That resulted in armies of "serial killer" cells that targeted cancer cells, destroyed them, and went on to kill new cancer as it emerged. For the experiment, blood was taken from each patient and T-cells removed. Researchers at the University of Pennsylvania engineered patients' own pathogen-fighting T-cells to target a molecule found on the surface of leukemia cells.
In a potential breakthrough in cancer research, scientists at the University of Pennsylvania have genetically engineered patients' T cells — a type of white blood cell — to attack cancer cells in advanced cases of a common type of leukemia.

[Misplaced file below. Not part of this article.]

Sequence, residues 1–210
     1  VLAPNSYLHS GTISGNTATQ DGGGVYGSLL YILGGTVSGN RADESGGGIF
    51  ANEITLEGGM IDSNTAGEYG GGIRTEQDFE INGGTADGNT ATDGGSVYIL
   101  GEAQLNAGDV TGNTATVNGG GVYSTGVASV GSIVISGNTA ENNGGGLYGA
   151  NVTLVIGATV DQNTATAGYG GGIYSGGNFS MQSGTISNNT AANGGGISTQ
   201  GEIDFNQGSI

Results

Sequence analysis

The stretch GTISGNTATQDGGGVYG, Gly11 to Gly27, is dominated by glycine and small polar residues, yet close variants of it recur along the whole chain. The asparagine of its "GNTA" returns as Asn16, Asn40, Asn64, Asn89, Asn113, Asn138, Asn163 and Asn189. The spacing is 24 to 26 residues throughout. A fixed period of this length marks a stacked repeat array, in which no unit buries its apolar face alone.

To build the cancer-attacking cells, the researchers modified a virus to carry instructions for making a molecule that binds with leukemia cells and directs T cells to kill them. On average, the team calculated, each engineered T cell eradicated at least 1,000 cancer cells.
Side effects included loss of normal B cells, another type of white blood cell, which are also attacked by the modified T cells, and tumor lysis syndrome, a complication caused by the breakdown of cancer cells.